Cuisine & Table

Cuisine & Table

Rich, savoury, piquant, strikingly original and very specific to the country, Georgian Cuisine is the natural extension of a fertile, mineral-rich landscape fed by the pure waters of the Caucasus Mountains. The cuisine offers a variety of dishes, high in herbs and spices, a variety of vegetarian meals in addition to meat dishes: organic fresh meats like pork or lamb, chicken or fish dishes, hazelnuts and walnuts, various sorts of cheese, pickles and pungent seasonings eggplant, plums, corn, pomegranates, kidney beans, wild herbs, coriander, scallions, hot peppers, mint, basil, love of garlic and much, much more fill homes and restaurants all around the country. The cuisine is very varied with different dishes cooked daily. Each historical province of Georgia has its own distinct culinary tradition, such as Megrelian, Kakhetian, or Imeretian cuisines. "Every Georgian dish is a poem,” – would say Alexander Pushkin. Combined with the traditional secrets of the chef ‘s art the common products do acquire a special taste and aroma, which make Georgian cuisine very popular and unique.

With such an abundance of delicious food and wine, over the centuries Georgia has developed a strong tradition of table culture. The spirit of open-handed, huge-hearted generosity and Georgian hospitality is nowhere better displayed than at the table during a feast, or Supra, when a huge assortment of dishes is prepared, always accompanied by large (sometimes endless supply) amounts of wine, “last-for-hours” dinner and lead by Tamada (toastmaker) – an important and honoured person. You will never go hungry in Georgia, and with Georgians love of toasting you certainly won't go thirsty either. 

When you find yourself at a Georgian dinner table, know that people go to dinner to enjoy themselves and the company. The Georgians get energic and lively during dinner. The host will probably ask you a bunch of questions and offer you several items, to make sure you are well-fed and comfortable. There will be a multitude of dishes, so you should try your best to taste them all. You will probably be offered additional helpings when you finish your food, so take small portions. You should keep your hands visible and elbows off the table. Usually, the most elderly or honored guest will be served first at dinner. Finish all the food on your plate.

Georgian dishes

Just a few of the dishes unique to Georgia:

Khaja-puri – Georgian cheese bread, appearing in a number of regional styles: Imeruli khachapuri or Imeretian khachapuri, Adjaruli khachapuri etc.

Lobiani - "Bean khachapuri", bread baked with a seasoned bean stuffing and aromatic spices. Especially eaten on the Georgian holiday of Barbaroba, or St. Barbara’s Day (December 17)

Pkhaleuli -  Vegetarian dishes from a variety of spiced plants usually with a walnut paste base, similar to spinach, but each having a unique taste and seasoning. Among these are: Jijilaka, Moloqa, and Ekala.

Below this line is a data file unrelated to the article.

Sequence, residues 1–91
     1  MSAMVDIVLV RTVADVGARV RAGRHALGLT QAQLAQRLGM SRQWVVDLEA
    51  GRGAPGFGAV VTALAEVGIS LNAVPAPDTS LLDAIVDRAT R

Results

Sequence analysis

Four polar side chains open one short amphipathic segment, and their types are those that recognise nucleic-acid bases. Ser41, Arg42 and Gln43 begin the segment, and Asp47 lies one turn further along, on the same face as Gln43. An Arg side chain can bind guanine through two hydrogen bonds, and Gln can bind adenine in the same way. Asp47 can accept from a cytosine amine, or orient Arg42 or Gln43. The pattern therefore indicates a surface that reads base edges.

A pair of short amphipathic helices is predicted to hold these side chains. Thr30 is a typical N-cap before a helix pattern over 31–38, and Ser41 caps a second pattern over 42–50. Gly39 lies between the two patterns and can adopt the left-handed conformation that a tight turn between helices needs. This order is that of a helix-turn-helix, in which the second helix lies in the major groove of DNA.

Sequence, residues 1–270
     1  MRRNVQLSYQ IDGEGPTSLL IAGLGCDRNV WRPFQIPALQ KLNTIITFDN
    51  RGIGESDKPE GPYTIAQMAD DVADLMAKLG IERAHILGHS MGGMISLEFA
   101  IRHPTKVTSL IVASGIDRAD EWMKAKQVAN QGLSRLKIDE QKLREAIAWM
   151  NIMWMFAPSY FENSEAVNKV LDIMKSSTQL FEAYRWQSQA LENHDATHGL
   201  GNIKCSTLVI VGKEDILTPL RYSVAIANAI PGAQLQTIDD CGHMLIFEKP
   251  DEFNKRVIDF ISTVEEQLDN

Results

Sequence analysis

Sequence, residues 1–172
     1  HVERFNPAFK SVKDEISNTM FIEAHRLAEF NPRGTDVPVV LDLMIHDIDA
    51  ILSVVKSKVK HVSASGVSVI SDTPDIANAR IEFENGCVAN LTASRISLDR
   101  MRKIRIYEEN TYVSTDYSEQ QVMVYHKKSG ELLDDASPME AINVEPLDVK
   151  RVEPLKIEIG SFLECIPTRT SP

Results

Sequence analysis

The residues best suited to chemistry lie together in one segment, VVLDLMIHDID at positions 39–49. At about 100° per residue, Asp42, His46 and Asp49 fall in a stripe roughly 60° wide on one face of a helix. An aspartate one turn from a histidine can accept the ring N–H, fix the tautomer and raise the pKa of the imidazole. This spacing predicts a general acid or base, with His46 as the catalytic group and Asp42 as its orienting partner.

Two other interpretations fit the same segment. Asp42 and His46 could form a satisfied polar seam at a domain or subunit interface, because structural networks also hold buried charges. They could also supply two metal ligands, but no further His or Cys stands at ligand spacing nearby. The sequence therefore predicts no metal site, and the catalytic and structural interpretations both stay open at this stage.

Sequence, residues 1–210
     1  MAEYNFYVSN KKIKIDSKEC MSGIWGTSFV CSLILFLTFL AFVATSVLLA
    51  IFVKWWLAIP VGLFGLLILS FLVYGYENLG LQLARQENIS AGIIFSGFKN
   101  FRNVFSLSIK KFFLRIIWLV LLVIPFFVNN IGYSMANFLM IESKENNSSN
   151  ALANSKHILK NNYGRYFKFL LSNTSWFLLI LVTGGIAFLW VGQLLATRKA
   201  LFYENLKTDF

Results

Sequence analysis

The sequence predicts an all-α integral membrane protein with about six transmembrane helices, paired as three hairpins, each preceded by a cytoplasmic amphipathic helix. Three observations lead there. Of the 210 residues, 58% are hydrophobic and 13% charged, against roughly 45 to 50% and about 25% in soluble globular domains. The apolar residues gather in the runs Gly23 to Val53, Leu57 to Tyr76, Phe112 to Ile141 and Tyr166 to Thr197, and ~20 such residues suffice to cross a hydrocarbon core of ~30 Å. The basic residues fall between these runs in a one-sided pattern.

Ispanakhi - Spinach with ground walnut seasoning, spices and herbs

Badrijani Nigvzit- Eggplants seasoned with ground walnuts, vinegar (or pomegranate juice), garlic, pomegranate seeds and spices.

Adjabsandali  – A delicious blend of fried eggplants, onions, peppers, tomatoes and mountain spices

Nadughi - A dairy product similar to cottage cheese, but with a softer taste.

Lobio- Beans prepared with ground walnuts, various spices, vinegar and/or olive oil.

Mchadi - Cornbread. Can be small and thick fried in oil, or thin and wide with crunchy surface. Goes well with cheese.

Satsivi- Chicken or Turkey in a walnut sauce with garlic and spices.

Baje – Ground walnut sauce with garlic and spices. Great with everything.

Soko - Mushrooms prepared in various ways, seasoned with spices and herbs.

Ajika – Georgia’s own spicy hot sauce filled with herbs and spices.

Tkemali – Georgian ketchup, but oh so much more… A red or green sour plumb sauce made from the fruit of the tkemali tree.   No one leaves the country without a bottle.

Tsotskhali - A freshly prepared fish from a freshwater source

Matsoni - A dairy product similar to plain yogurt, but somewhat more sour.

Mtswadi – Georgian barbeque, meat grilled to perfection over a grape vine-wood fire, with fresh pomegranate juice squeezed over it.

Khinkali – The Georgian National dish: juicy meat dumplings made to be eaten by hand, using a special technique that can be learned only here.  Visitors end up craving this so much they make special trips back just to taste it again.

Kharcho, the tender chicken soup Chikhirtma with eggs whipped in vinegar and the transparent light meat broth flavoured with garlic, parsley and fennel.

Khashi - a broth cooked from beef entrails (legs, stomach, udder, pieces of head, bones) and lavishly seasoned with garlic.

Bread, Traditional Georgian breads are baked in a large well-shaped oven called T'one. Tonis Puri, Mesxuri Puri, Shotis Puri, Cadi are types of bread traditional in Georgia.

Churchkhela - nuts on a thread dipped into a hot grape mixture, then hung to solidify.

Drinks - Apart from alcoholic drinks Chacha and wine, tasty Lagidze water is a Georgian flavored soda made with a variety of natural syrups, sold bottled or mixed in the glass in a soda fountain. Types of mineral water from Georgia are Borjomi, Nabeglavi and Sairme



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